Ending a marriage has a massive impact on almost every aspect of your life. In one fell swoop, marital status, living situation, the time you spend with your kids, and more change drastically. One area where it often has a devastating effect is when it comes to money. The questions of how to rebuild your finances and credit after divorce often arise.
Divorce Hurts My Credit?
It can. Especially if you don’t keep an eye on it and let your finances get out of hand.
You and your ex split up all of the shared assets. Even though the goal is for each party to maintain a lifestyle similar to that enjoyed during the marriage, finances often take a hit.
You may wind up on the hook for a mortgage or car payment. Child support or spousal support often factor in. Or it may be as simple as struggling to pay all the bills from a single paycheck for the first time.
Luckily there are some things you can do now, and ways to help rebuild finances and protect your credit after finalizing your divorce.
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Inventory Your Finances
The best place to begin is to take stock of what you have. Catalog your income, all of your expenses, assets, and debts. You can use a spreadsheet, a notebook, post-it notes, or whatever tool you’re most comfortable with.
List all open accounts, assess any investments, and collect what remains of your economic life after divorce. This provides a comprehensive picture of your finances.
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Protect Your Credit Score
Your credit score influences everything from applying for home and car loans to renting a new house to career opportunities. It can take a hit when a marriage ends, so it’s important to keep an eye on it and rehab it when necessary.
As you separate, you and you and your spouse will likely have an overlap period where you both have access to shared money. Make sure to keep a careful eye on any joint accounts or debts.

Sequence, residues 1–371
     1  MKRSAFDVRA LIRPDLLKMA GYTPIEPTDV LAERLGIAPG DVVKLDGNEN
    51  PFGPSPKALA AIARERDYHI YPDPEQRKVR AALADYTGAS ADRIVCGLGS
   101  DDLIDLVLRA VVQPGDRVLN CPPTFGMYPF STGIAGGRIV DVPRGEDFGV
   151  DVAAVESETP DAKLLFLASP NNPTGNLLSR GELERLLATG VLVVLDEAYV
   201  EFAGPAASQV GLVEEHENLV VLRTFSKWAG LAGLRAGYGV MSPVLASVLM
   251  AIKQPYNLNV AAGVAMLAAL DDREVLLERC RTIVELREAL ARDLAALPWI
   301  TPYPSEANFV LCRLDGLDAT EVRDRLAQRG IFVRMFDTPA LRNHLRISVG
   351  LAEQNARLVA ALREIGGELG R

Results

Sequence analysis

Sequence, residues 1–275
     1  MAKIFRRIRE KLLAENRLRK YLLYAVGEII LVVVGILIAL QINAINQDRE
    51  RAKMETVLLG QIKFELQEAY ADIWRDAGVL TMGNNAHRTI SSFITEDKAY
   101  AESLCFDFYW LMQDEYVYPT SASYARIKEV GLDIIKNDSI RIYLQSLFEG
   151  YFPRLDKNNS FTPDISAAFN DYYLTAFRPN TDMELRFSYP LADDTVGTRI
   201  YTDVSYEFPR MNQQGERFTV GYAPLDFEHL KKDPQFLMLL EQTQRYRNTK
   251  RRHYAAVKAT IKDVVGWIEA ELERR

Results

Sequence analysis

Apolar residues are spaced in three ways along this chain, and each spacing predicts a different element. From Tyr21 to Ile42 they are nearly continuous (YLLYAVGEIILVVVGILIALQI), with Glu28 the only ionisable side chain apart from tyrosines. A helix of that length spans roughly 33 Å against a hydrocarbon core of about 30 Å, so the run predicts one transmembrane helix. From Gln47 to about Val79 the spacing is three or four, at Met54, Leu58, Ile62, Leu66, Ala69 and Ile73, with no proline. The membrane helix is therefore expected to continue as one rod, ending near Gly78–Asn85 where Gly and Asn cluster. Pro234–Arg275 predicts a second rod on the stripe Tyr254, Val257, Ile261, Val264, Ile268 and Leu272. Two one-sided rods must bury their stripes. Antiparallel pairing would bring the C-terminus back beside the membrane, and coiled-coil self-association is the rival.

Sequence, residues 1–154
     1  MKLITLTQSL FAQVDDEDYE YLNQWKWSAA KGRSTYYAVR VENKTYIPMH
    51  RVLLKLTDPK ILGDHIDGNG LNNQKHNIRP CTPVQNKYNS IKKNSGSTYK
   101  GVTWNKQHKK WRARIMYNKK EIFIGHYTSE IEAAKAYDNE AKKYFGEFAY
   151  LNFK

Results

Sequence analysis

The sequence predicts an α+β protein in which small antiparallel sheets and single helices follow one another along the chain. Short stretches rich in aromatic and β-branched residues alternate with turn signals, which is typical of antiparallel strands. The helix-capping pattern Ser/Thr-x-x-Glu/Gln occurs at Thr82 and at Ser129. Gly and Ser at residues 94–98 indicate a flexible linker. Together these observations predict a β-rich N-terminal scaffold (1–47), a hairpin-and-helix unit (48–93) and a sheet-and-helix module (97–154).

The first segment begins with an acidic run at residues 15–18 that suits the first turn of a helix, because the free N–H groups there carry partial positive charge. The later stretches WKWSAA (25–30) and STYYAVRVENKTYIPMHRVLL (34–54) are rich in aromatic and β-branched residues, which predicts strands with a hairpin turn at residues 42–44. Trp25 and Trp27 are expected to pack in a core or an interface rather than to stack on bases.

A recent article from financial experts compiled four helpful steps to protect your credit during a divorce. These measures help guard against sudden drops in your score, your ex racking up secret debt, or surprise unpaid bills on shared accounts.
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Examine Your Credit Report
Become familiar with your credit. You already should be, but if not, get to it.
This means knowing exactly what accounts link to your credit score. It’s important to know what connects to your spouse and what you have on your own.
Throughout years of marriage, it’s easy to forget about accounts, or not know how they affect your standing.
Note all authorized users on joint accounts. Authorized users can be removed to cut off their access. Taking someone off an account is often fairly easy. This also means your ex’s spending no longer reflects on your credit score.
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Split Joint Accounts ASAP
If you can, work on separating accounts early on in the process.
Things often get tense as divorces continue. It may be easier to agree to close accounts, split earned rewards, and the like before things become testy.
If spouses hold joint accounts on credit cards, any missed, late, or non-payments adversely affect both parties’ credit.
Closing out all shared accounts rather than splitting who is responsible for each is usually the best idea. Even if you decide your ex pays a certain card, missed payment still impacts you if you remain on the bill.
Closing accounts does cause a dip in credit score.
However, this is usually only temporary and should bounce back once you open new accounts. It’s also key to be consistent and on time with payments. This helps ensure your credit score remains as strong as possible.
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Contact Your Creditors
Another step: contact your creditors to let them know of your change in marital status.
Before closing joint accounts, credit card companies require you to pay off any remaining balance. If you owe nothing, you and your ex can simply close the account.
If you still owe, you may have to discuss payment plans, refinancing a debt into one person’s name, or transferring the balance to an individual account. You and your ex may be able to agree to sell off an asset in order to pay what you owe.
Whatever system you work out, it’s always, best to get the terms in writing. Always.